In any case, the set-top boxes would need a fast CPU, MPEG hardware, enough memory to run some pretty complex programs, and store at least one frame of decompressed video (and maybe more), as well as some well-integrated graphics display technology. Want to sell several million graphics chips? Here’s a market just waiting to happen.
Set-top boxes won’t just be for channel navigation and viewing, either. Expect the ability to have games and simulations downloaded into the set-top for additional entertainment value and functionality (and cost, of course). There will probably also be a PC option in some cable systems, so you can use your home computer as a primary or auxiliary set-top box.
While the 500-channel systems are still a few years away for most cable markets, at best, early next year anyone who wants to will be able to experience 150-channel digital TV with the purchase of an $800 or so investment. The investment would include a set-top box and an 18-inch portable satellite dish from a company called DirecTV. Funded in large part by Hughes, DirecTV has a satellite distribution mechanism, and even offers PPV via a small smart-card you have to order from them. The smart card gets inserted into their custom set-top box.
For ground-based cable systems, expect the transition from full analog to full digital to occur in several steps over next 5 years or so. Numerous technology trials are being conducted in key cable markets around the country, and the results of these tests will determine exactly how everyone proceeds into the future.
Where’s the Data and What About Interactivity?
With the exception of the pay-per-content concept, everything I’ve described so far can be achieved with a near-mono-directional cable system, just like the ones most of us are using today: cable programming comes in, and your box can be enabled for PPV events or movie channels from the cable operators central location. One major issue, though, relates back to standards – there are only two ways data can currently be broadcast on existing cable systems: 1) during the vertical blanking interval (VBI); or 2) on a totally separate channel. Since cable systems are not point to point, information for a single box has to be broadcast back to all set-top boxes in the system. The dedicated separate channel for data concept is proven and works, but it is bandwidth limited (you can only have so much information about so many channels, for so many set-tops, before there’s no space left). VBI is better for specific channel content, but because its use is unregulated, the VBI is already being used for vast numbers of things by the channel content providers. FNN, for example, passes stock-market information in the VBI. Close-captioning sucks up additional VBI space. Some channel providers, such as C-Span, rent their VBI space out to companies who want to broadcast messages to remote sites over the airwaves. In Germany, and now in Endland, the VBI is filled with TeleText (the best use of the VBI I’ve seen so far).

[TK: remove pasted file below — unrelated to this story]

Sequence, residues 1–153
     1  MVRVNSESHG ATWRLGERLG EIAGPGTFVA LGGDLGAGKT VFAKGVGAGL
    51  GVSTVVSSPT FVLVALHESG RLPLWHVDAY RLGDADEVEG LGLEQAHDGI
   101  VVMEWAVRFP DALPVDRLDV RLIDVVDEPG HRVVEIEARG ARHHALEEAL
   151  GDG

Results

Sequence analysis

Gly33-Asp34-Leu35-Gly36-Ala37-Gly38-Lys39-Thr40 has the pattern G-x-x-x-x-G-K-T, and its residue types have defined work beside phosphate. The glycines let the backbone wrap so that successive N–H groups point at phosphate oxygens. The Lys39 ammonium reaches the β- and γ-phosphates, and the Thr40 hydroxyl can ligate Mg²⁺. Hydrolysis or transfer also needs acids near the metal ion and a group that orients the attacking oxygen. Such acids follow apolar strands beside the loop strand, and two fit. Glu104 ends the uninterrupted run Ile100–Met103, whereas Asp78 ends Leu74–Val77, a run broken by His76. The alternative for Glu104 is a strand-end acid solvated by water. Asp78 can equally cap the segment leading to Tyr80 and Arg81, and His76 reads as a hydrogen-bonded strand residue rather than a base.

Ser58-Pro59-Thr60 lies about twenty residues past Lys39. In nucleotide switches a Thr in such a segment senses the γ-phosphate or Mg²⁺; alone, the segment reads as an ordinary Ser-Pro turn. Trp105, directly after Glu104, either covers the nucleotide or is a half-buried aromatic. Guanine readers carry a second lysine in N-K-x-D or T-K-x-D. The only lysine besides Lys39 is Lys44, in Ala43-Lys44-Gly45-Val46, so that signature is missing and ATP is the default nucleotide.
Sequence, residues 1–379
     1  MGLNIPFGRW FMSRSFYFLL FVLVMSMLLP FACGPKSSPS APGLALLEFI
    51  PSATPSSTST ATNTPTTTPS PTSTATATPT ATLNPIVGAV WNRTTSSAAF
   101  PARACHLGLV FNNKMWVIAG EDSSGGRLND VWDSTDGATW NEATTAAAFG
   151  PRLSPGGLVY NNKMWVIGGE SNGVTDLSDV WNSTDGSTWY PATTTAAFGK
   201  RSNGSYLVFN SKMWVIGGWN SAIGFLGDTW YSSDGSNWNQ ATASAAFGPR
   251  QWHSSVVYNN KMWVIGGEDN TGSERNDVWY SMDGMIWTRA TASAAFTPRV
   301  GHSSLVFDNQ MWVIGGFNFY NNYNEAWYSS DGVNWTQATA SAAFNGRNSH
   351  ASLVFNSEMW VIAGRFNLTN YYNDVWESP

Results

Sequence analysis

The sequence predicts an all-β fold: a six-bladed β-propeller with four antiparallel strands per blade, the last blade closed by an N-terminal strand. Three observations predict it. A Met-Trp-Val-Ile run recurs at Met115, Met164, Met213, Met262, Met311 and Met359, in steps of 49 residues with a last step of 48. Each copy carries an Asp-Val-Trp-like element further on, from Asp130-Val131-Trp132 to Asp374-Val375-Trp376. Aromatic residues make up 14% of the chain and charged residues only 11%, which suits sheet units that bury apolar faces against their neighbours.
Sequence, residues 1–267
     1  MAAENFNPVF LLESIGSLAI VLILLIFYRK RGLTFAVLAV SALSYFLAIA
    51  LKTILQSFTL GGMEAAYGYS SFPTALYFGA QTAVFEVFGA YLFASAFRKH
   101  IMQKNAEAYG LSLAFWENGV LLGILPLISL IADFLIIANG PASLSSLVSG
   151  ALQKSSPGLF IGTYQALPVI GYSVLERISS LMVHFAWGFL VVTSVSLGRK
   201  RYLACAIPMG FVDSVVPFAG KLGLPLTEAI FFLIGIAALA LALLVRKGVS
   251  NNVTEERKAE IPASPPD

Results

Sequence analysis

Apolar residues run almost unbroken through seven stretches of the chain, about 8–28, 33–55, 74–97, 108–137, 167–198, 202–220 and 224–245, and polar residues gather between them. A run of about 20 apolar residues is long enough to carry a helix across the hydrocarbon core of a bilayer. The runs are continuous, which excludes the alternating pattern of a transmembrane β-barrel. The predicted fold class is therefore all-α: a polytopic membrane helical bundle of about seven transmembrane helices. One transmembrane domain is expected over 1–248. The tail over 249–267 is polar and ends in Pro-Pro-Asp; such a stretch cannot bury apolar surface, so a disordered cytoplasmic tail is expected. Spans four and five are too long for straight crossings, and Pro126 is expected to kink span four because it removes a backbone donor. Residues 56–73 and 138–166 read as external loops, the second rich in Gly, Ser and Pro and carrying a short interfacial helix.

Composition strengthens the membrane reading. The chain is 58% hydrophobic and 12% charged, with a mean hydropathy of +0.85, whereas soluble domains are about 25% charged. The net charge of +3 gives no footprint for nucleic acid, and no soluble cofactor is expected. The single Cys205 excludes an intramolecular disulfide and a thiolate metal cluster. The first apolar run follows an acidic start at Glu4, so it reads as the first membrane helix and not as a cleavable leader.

For those of you who are not familiar with it, TeleText is a continuous information stream measured in pages (001 through 999). The low number pages usually contain menu listings, referring you to another page number. When you enter a page number you want to see, the TV (many new German TVs have TeleText support built in) waits for the selected page to be sent in the VBI, captures it, and displays it. Each station has its own TeleText data, including the latest news, sports information, weather information, and program listings. TeleText compatible VCRs allow you to use a primitive cursor on the program listing pages to select a program to record, and some VCRs will periodically rescan that page to see if the program time has changed, and adjust their programming if so. This is technology that you can purchase in Germany, as a consumer, today! And here in the U.S., we have to resort to VCRPlus…
Anyhow, what this all boils down to is that the emerging convergence industry needs non-proprietary information-broadcast standards that they can all agree on and use. However, even the lack of standards won’t prevent Interactive Television from becoming a couch potato staple item.